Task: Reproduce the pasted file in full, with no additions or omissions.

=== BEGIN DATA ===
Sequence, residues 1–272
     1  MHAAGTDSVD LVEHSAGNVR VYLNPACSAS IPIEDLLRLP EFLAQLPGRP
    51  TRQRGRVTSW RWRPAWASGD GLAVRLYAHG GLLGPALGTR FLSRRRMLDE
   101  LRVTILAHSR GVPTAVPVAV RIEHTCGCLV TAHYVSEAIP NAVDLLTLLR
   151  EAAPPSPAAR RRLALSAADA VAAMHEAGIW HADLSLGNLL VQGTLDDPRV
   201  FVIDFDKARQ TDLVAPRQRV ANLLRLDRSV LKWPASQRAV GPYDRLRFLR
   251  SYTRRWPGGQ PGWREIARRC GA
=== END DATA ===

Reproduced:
Sequence, residues 1–272
     1  MHAAGTDSVD LVEHSAGNVR VYLNPACSAS IPIEDLLRLP EFLAQLPGRP
    51  TRQRGRVTSW RWRPAWASGD GLAVRLYAHG GLLGPALGTR FLSRRRMLDE
   101  LRVTILAHSR GVPTAVPVAV RIEHTCGCLV TAHYVSEAIP NAVDLLTLLR
   151  EAAPPSPAAR RRLALSAADA VAAMHEAGIW HADLSLGNLL VQGTLDDPRV
   201  FVIDFDKARQ TDLVAPRQRV ANLLRLDRSV LKWPASQRAV GPYDRLRFLR
   251  SYTRRWPGGQ PGWREIARRC GA